When I run into pastors studying at coffee shops, I typically ask them, “What are you working on?” And it is common for them to respond with something like, “I am preparing for Sunday” or, “I am speaking in main service this week.” Other times they respond with, “I’m prepping for a seminar or sermon…But it is no big deal—it’s just the youth.”
Just the youth? I hear this phrase thrown around too often and I will admit that I am guilty of repeating this at times. Why do people believe that youth ministry is less important than adult ministry? Why do I fall into believing it?
I have only been in youth ministry for five years, but I know I am forgetful. I need to constantly and consistently remember that youth ministry is not just youth ministry. Here are three reminders why.
1. The Here and Now
I have always heard “the youth is our future” as a positive statement. To me it meant that one day, the youth will shape the world or that they are a future investment. But what about now?
Teenagers are forced to go through a transitional season of life called adolescence. It is a strange in-between stage when they are no longer children but not yet adults. Because of this, it is tempting to see them as unfinished adults or half-adults. But they are neither of these things; they are teenagers. Although most youth cannot drive and do not tithe, they are just as valuable today as they might be as fully formed adults. It is true that the youth are our future, but that is not all they are. They are individuals whom God values, loves, and wants to be in relationship with now.
When I see teenagers as immature adults, I can grow easily frustrated—but that is not who they are. What is worse is that if we don’t see them as they are now, but whom they can become, we actually devalue them. They are no longer unique individuals but undeveloped investments.
For those who work with students, we are called to see them as God sees them. The youth are not marginalized in the eyes of God. They will grow up to be adults but they are teenagers today. God wants to meet with them in the here and now and that should stir up urgency in our hearts as we shepherd. He loves them and has a plan for them just as they are right now.
2. The Universal Need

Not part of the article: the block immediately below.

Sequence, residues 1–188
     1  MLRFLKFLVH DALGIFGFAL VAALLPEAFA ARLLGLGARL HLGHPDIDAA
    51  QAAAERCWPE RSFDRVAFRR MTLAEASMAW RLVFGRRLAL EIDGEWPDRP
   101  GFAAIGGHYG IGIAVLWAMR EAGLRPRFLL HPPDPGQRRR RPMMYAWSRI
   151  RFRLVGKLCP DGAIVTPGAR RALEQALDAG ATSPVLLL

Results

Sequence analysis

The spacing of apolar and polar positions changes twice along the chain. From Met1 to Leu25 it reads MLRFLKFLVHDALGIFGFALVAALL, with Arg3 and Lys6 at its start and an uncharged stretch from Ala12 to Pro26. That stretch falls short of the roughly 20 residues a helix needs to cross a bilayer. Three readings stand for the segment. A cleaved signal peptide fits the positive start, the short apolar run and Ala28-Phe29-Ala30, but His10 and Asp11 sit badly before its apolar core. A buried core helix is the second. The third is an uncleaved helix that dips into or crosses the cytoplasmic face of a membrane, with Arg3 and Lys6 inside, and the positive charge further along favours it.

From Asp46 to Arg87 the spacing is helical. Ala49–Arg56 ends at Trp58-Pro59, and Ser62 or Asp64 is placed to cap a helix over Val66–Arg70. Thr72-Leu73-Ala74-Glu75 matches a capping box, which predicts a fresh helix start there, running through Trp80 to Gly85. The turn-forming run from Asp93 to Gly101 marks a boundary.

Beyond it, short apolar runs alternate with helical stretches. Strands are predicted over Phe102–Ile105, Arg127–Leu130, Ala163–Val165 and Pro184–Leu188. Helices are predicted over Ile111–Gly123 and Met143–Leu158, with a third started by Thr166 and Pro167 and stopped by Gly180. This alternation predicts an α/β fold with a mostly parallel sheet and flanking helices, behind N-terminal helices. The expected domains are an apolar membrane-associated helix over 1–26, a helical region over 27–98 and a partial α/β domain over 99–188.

All of humanity is fallen and in need of a Savior. Regardless of gender, sexual orientation, race, ethnicity, socio-economic background, and age; the gospel is the remedy for all people.
The gospel is wide enough to speak to believers and non-believers alike. The gospel is deep enough address the biggest skeptics and cynics. The gospel is powerful enough to transform the most sinful individuals and restore relationships. The gospel is beautiful enough to point us towards love, joy, grace, and hope in Christ. The gospel is what adults and adolescents need.
For those who serve in youth ministry, do not give up (Gal. 6:9). Regardless of the fruit, we must continue to faithfully proclaim the gospel because it is what we all need most—teenagers are no exception.
3. Great Opportunities
The youth need the gospel just like everyone else, but teenagers are not exactly like every other age group—and I am not just talking about the hormones. There are unique challenges to each life stage and I will highlight three for the youth.
First, youth are looking to find their identity. Apart from their parents, they want to discover who they are through academics, sports, friends, clubs, and media. On top of all of that, they are not only trying to get into college but need to figure out what they want to do in life.
Second, youth are trying to fit into a community. Friends are incredibly influential for teenagers. As they survey their school during lunchtime, there are so many groups and cliques with different values, types of humor, and special interests. Where do they belong? It does not help that with the rise of club sports and extracurriculars, youth attendance is dropping in the church. If they are absent, it is going to be hard to maintain the church as community.
Third, today’s youth have grown up with technology. I remember a time when I would spend most of my day not tied to a device—but that is not true for students today. With the rise of technology and (of course) social media, the gap between adolescence and adulthood seems to be closing in faster because they are exposed to much more, much earlier. Teenagers are flooded with so much information that adults can hardly keep up. Difficult topics regarding sexuality, drugs, politics, and mental health are things that youth face daily.
These challenges cause many teenagers to suffer from anxiety, depression, and loneliness; but challenges create great opportunities for the gospel. The gospel offers an identity deeper than anything else; the gospel connects us to a community that is broader than any other group; the gospel helps us to interpret the flood of information we receive. Our teens desperately need this good news.
To those serving in youth ministry, do not lose heart (2 Cor. 4:1). Let us continue to remember the gospel and hold on to these reminders. The youth are deeply valuable to God now; the youth need the gospel just like everyone else; and the youth are in a unique season of life where we must maximize. Let us give them our best and not short change them by saying that it is just youth ministry.